Assemblywoman Millman Advocates for Contextual Development Downtown Brooklyn:

I recently submitted testimony to the New York City Council and the City Planning Commission regarding two proposed developments in DUMBO Brooklyn, which would drastically alter the character and landscape of this historic area. These two projects have a great significance in Brownstone Brooklyn, as they clearly reinforce the need for comprehensive contextual zoning.

After I joined the Brooklyn Heights Association, the DUMBO Neighborhood Association and other elected officials in voicing our opposition to the development proposal at 38 Water Street, Two Trees Development Corporation announced that it is withdrawing its application. My testimony in opposition to this development stated that this proposed building would rise 17 stories high and tower over the neighboring buildings, directly adjacent to the Brooklyn Bridge. While I am supportive of DUMBO’s recent development, I opposed this particular project because the proposed structure was contextually inappropriate. This building would obstruct Brooklyn’s views of one of New York’s greatest architectural treasures, the Brooklyn Bridge. Rising higher than the roadbed of the bridge, this structure would have dwarfed the surrounding 3-4 story buildings and disturbed the lower density scale of the historic neighborhoods of DUMBO, Fulton Ferry and Vinegar Hill.

Situating a 17-story building surrounded by 3-4 story buildings and the Empire Stores and Tobacco Warehouse in Brooklyn Bridge Park would set a dangerous precedent in a historic neighborhood.

photo Assemblywoman Millman joins President Tom Miskel, and fellow elected officials in the dedication of the Park Slope Civic Council’s Memorial Plaque for victims of 9/11 at the Park Slope Public Library. Photo courtesy of Jennifer MacFarlane Photography.

I also recently submitted testimony to the City Council and the City Planning Commission about the Watchtower Bible and Tract Society’s proposed development at 85 Jay Street, to express my strong opposition to this plan. As the City Planning Commission embarks on a comprehensive rezoning of DUMBO, we can hardly afford to allow a project of this magnitude to proceed. I strongly believe in the principals of urban planning and contextual zoning, and therefore believe that appropriate development at this site, located in the heart of the neighborhood, would both respect the size of surrounding structures and contribute to the neighborhood’s vitality by contributing to commercial activity. Because any development on a lot of this size will have a significant impact on the neighborhood’s landscape, we must take special precautions to ensure that the development selected for this site compliments and enhances this rapidly growing neighborhood. I strongly encourage the Watchtower to drastically downsize this development and include community amenities, while expanding its other underutilized properties to accommodate its needs.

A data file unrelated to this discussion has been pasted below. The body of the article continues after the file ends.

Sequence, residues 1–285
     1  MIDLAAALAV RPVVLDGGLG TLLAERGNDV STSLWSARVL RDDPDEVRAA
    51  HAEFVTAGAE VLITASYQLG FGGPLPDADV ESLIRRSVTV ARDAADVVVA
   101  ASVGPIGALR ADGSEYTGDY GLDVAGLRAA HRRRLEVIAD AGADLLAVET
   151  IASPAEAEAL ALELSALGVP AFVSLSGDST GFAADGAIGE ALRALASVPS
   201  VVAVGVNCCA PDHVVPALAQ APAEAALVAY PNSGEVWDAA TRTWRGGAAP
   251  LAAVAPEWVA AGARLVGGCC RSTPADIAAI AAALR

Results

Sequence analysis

Don’t Ask Riders to Pay More for Less
Millman Testifies at MTA Hearing, Voices Outrage with Latest Proposal

On November 10th, 2004, I presented testimony to the MTA Board on the proposed budget cuts for next year. After hearing from scores of outraged neighbors, I relayed these very real concerns to the MTA in an effort to prevent an unprecedented second fare hike and major service cuts. This issue affects all of us in the 52nd Assembly District and is of the utmost importance to all New Yorkers. Because so many people were unable to attend this public hearing that was held at a highly inconvenient location, I have included excerpts from the testimony I presented:

While I appreciate that the MTA ’found’ extra revenue to prevent the disastrous cuts once proposed, the MTA’s latest proposal still leaves New Yorkers, and especially Brooklynites paying more for less - less service and less security. It is not just that raising the fares will hurt ridership; it is not just that closing token booths will affect safety; it is not just that eliminating 33 essential bus routes will tremendously inconvenience New York City residents; it is that the MTA has no plan to prevent this from happening again soon. We must not and cannot afford stopgap measures, nor can we afford to let our transit system fall into disrepair because our economy depends on it.

photo Assemblywoman Millman, Concord Village residents and Councilman David Yassky at a press conference decrying the closing of the token booth at the High Street - Brooklyn Bridge station.